By Henning Melber
On 16 February 2016 the Egyptian diplomat Boutros Boutros-Ghali died aged 93. He was so far the only Secretary-General of the United Nations, who served in office one term only (1992-1996). But this should not be mistaken as a failure. Being popular (or at least respected and/or accepted) by the ‘Big Five’ (i.e. the Permanent Members of the Security Council, who through their veto power play a decisive role in the appointment of a Secretary-General) as a pre-condition for being (re-)elected, renders any autonomy in the office a risk.
Boutros-Ghali’s successor Kofi Annan, remains in his personal memories “Interventions” rather critical of his predecessor and points mainly to his weaknesses and failures. But he also characterizes him as having “a fierce intelligence and a global perspective, an academic mind-set and a visceral distaste for the post-Cold War dominance of the United States” (p. 137). – Ingredients, which made him very popular among the Member States of the South, but a liability for hegemonic policy at a time, when after the collapse of the Communist bloc “the end of history” was understood as the ultimate victory of Western capitalism.
Enters Hammarskjöld: the former Swedish civil servant during his time in office as the United Nation’s second Secretary-General (1953-1961) was soon considered as more General than Secretary. He was adamant that the autonomy of his office and the Secretariat is a necessary requirement to serve the spirit and meaning of the Charter. He jealously guarded the independence of the international civil service. His efforts to find a solution for the crisis in the Congo in 1960/61 were vehemently criticized by both, the Soviet bloc as well as the Western countries. But the new Member States from the decolonizing world identified to a large extent with his interpretation of the mandate. For Hammarskjöld, the UN was there to serve especially the countries without global leverage instead of being an instrument of the big powers. For him, interventions by the global body had to be strictly under the supervision and command of the Secretary-General’s office.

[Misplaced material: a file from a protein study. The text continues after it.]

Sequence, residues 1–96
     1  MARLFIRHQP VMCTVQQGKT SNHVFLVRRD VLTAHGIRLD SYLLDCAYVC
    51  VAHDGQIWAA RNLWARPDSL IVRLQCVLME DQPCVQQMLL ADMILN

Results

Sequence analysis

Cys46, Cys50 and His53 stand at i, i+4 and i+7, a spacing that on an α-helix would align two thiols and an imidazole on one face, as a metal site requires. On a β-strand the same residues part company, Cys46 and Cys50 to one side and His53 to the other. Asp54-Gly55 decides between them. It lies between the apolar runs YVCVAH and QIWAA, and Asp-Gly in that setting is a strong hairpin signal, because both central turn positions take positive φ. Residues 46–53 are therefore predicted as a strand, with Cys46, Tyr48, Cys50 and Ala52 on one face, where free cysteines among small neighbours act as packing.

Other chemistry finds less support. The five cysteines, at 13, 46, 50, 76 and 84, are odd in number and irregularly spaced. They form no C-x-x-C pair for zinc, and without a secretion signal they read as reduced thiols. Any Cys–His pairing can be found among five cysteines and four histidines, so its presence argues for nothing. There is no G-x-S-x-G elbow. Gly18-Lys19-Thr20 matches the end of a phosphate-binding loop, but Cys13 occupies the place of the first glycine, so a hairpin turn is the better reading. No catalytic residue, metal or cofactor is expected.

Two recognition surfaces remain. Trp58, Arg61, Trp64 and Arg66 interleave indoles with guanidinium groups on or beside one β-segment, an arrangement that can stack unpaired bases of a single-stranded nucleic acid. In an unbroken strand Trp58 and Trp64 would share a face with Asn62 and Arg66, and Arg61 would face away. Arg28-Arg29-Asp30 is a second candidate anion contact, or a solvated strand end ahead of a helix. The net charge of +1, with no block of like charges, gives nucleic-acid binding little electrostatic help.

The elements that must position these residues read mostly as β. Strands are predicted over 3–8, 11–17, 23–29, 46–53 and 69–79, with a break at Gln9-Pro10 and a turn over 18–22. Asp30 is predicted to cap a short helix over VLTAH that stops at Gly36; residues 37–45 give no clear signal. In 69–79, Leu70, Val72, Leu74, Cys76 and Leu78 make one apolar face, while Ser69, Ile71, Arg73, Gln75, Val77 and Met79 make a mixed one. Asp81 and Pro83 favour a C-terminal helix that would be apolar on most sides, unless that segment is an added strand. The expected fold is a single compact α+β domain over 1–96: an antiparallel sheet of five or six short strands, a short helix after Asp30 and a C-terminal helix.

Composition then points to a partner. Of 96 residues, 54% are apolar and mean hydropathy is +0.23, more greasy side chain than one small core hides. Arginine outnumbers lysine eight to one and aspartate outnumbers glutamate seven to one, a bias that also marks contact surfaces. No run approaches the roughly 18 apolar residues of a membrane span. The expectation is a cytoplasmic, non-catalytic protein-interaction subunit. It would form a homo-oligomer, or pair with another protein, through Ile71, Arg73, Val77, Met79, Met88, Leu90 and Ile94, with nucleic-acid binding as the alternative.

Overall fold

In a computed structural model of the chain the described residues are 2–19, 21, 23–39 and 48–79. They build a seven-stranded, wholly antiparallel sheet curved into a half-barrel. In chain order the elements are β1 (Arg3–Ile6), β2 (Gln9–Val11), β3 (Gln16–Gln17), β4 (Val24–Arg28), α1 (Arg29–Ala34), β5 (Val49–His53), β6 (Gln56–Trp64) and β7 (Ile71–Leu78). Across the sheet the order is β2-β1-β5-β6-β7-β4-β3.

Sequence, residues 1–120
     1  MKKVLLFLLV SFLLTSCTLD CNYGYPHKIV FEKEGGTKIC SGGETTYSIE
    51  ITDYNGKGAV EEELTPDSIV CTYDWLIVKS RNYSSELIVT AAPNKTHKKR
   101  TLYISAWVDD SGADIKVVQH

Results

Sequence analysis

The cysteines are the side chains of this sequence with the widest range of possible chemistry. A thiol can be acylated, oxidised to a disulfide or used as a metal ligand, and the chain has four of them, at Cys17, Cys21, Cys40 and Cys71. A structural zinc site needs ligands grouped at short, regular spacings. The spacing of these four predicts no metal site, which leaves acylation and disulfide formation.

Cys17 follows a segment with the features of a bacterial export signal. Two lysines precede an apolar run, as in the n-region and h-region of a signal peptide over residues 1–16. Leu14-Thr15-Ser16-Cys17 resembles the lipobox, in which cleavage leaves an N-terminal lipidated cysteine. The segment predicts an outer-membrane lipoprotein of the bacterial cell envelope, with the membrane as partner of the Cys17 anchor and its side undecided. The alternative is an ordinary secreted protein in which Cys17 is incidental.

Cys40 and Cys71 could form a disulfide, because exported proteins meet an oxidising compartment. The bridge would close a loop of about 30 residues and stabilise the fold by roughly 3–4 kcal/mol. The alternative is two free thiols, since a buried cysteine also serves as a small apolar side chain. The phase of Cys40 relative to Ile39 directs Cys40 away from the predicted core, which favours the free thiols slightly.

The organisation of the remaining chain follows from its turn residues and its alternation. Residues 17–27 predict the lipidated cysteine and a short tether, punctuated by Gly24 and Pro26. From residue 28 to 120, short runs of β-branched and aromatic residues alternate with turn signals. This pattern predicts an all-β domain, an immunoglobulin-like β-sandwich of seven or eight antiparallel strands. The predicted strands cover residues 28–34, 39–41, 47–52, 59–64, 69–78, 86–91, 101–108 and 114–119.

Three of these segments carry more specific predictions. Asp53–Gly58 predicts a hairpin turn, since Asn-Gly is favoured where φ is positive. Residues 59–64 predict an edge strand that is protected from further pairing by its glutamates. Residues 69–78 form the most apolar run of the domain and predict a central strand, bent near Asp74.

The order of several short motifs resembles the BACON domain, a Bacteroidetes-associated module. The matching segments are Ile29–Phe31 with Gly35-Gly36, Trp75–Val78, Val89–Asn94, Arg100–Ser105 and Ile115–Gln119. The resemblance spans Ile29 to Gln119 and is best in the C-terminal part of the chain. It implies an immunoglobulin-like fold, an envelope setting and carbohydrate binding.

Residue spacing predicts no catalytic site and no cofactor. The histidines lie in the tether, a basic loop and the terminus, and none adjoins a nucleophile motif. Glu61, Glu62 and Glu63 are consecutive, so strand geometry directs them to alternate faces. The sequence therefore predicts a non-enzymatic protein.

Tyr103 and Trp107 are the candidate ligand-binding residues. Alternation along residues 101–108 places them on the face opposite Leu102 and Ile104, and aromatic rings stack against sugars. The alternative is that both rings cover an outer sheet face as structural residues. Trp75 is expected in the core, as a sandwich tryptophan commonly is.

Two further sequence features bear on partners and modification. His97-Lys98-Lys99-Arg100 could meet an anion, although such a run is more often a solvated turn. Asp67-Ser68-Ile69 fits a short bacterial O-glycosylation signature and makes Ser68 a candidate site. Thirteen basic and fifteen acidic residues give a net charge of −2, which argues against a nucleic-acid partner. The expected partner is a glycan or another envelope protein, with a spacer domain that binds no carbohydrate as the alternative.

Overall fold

When asked by the Soviet Union to resign, Hammarskjöld in October 1960 stated in the General Assembly: “It is not the Soviet Union or indeed any other Big Powers who need the United Nations for their protection; it is all the others. … I shall remain in my post during the term of my Office as a servant of the Organization in the interest of all those other nations, as long as they wish me to do so.” And on 15 September 1961, two days before the fatal crash of the plane in which he and 15 others lost their lives, he cabled to Ralph Bunche: “It is better for the UN to lose the support of the US because it is faithful to law and principles than to survive as an agent whose activities are geared to political purposes never avowed or laid down by the major organs of the UN.”